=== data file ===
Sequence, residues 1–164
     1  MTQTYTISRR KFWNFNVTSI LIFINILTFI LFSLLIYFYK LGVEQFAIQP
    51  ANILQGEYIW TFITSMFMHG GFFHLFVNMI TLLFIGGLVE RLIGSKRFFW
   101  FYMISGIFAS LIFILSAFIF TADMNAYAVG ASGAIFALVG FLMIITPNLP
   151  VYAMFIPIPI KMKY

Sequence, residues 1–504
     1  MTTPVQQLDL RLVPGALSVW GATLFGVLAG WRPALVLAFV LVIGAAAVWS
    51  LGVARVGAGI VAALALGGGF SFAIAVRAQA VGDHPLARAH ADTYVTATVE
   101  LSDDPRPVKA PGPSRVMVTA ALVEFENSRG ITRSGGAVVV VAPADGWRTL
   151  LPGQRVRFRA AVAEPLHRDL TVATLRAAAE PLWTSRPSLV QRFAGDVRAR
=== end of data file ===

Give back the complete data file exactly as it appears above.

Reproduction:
Sequence, residues 1–164
     1  MTQTYTISRR KFWNFNVTSI LIFINILTFI LFSLLIYFYK LGVEQFAIQP
    51  ANILQGEYIW TFITSMFMHG GFFHLFVNMI TLLFIGGLVE RLIGSKRFFW
   101  FYMISGIFAS LIFILSAFIF TADMNAYAVG ASGAIFALVG FLMIITPNLP
   151  VYAMFIPIPI KMKY

Sequence, residues 1–504
     1  MTTPVQQLDL RLVPGALSVW GATLFGVLAG WRPALVLAFV LVIGAAAVWS
    51  LGVARVGAGI VAALALGGGF SFAIAVRAQA VGDHPLARAH ADTYVTATVE
   101  LSDDPRPVKA PGPSRVMVTA ALVEFENSRG ITRSGGAVVV VAPADGWRTL
   151  LPGQRVRFRA AVAEPLHRDL TVATLRAAAE PLWTSRPSLV QRFAGDVRAR